networkn: Ok I have done the flow rate tests. Essentially with our current setup we get 9.0L/M with the shower head on, 10.5 with it off. Watercare state minimum 25L/M so something must be limiting the shower somehow? I checked and made sure all other taps were off and no washing machines or dishwashers going.


Where did you measure the flow rate?


From the 3 showers in the house all got the same (I didn't run all three at the same time, as this isn't a situation that would occur in our household.

Also to note that there was no flow difference between full hot and full cold.

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  Reply # 807957 30-Apr-2013 12:48
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networkn: Ok I have done the flow rate tests. Essentially with our current setup we get 9.0L/M with the shower head on, 10.5 with it off. Watercare state minimum 25L/M so something must be limiting the shower somehow? I checked and made sure all other taps were off and no washing machines or dishwashers going.
...
Also to note that there was no flow difference between full hot and full cold.

OK, so this means that a flow restrictor is fitted to the cold water pipe, either inside the shower mixer, or just behind it, most likely inside the wall.  They sometimes do this for a house with low-pressure hot water to equalise the pressures coming into the mixer (hot vs. cold) and allow the mixer to operate more smoothly.  Otherwise, you end up with nothing happening through most of its range, and then suddenly going from luke-warm to very hot right at the end of the rotation.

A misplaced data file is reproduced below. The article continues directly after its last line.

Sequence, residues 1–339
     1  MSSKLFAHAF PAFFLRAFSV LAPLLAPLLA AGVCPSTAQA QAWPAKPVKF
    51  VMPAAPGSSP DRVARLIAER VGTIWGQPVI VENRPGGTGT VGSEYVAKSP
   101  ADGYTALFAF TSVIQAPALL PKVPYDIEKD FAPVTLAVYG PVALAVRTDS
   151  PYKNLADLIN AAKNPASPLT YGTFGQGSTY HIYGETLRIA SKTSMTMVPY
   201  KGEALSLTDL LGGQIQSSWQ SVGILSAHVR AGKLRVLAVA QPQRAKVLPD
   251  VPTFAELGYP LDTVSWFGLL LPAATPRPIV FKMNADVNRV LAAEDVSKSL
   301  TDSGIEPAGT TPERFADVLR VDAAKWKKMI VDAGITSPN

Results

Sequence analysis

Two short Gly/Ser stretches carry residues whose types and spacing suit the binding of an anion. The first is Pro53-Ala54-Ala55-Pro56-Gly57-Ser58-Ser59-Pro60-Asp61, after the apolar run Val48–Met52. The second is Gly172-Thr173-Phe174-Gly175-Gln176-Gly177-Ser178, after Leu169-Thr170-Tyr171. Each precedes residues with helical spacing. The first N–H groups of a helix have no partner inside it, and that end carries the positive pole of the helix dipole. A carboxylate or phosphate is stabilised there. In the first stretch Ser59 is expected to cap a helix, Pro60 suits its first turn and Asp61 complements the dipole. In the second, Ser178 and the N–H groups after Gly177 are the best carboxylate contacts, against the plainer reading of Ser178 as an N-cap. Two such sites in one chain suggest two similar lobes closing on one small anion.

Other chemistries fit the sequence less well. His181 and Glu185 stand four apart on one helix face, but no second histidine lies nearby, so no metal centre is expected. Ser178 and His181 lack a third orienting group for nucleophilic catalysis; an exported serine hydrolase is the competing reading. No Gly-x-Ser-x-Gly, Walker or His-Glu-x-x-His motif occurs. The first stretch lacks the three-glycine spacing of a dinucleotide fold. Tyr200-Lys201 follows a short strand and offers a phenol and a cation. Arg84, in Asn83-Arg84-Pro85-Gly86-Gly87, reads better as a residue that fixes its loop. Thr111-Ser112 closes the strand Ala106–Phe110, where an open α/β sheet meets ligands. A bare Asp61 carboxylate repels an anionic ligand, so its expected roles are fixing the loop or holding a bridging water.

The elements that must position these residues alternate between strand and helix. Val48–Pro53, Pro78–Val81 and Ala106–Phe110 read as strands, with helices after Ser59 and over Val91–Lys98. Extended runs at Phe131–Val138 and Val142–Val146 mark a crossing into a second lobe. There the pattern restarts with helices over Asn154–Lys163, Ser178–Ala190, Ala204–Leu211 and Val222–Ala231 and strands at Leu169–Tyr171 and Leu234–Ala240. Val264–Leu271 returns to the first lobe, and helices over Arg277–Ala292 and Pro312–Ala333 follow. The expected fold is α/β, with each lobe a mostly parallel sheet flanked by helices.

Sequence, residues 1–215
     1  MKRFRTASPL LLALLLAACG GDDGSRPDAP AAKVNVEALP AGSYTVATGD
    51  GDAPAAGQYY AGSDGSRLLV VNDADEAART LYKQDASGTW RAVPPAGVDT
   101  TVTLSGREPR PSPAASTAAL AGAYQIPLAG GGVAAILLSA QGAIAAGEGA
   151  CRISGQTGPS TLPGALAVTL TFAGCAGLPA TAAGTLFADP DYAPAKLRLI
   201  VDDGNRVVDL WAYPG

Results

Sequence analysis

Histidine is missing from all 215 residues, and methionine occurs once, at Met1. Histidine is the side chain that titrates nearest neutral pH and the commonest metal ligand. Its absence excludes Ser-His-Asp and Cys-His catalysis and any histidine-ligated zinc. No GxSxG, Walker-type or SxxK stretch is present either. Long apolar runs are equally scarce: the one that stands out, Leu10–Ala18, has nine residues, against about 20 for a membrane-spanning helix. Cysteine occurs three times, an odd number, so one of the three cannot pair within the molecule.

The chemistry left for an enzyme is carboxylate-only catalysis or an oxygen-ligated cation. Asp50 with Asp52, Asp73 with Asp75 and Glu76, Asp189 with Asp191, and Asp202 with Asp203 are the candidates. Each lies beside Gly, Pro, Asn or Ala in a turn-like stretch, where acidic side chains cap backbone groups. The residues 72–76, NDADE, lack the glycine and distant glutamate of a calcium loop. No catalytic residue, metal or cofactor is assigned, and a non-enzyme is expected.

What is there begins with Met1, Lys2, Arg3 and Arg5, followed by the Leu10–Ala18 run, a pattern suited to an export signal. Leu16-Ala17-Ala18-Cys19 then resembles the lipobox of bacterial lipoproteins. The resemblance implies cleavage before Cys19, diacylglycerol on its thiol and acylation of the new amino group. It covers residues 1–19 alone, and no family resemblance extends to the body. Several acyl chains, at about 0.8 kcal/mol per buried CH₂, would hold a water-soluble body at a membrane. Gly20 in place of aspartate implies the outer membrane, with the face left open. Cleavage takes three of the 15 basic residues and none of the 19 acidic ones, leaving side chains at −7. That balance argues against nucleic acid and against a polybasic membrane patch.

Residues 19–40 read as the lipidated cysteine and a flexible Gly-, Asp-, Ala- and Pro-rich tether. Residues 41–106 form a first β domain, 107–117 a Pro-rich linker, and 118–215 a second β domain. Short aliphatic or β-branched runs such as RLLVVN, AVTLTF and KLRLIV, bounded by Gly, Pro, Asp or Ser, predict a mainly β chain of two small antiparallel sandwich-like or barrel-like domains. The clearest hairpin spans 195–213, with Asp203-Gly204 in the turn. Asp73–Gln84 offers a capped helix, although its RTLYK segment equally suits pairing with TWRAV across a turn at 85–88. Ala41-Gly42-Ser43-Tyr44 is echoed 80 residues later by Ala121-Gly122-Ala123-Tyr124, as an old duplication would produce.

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  Reply # 807960 30-Apr-2013 12:56
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grant_k:
networkn: Ok I have done the flow rate tests. Essentially with our current setup we get 9.0L/M with the shower head on, 10.5 with it off. Watercare state minimum 25L/M so something must be limiting the shower somehow? I checked and made sure all other taps were off and no washing machines or dishwashers going.
...
Also to note that there was no flow difference between full hot and full cold.

OK, so this means that a flow restrictor is fitted to the cold water pipe, either inside the shower mixer, or just behind it, most likely inside the wall.  They sometimes do this for a house with low-pressure hot water to equalise the pressures coming into the mixer (hot vs. cold) and allow the mixer to operate more smoothly.  Otherwise, you end up with nothing happening through most of its range, and then suddenly going from luke-warm to very hot right at the end of the rotation.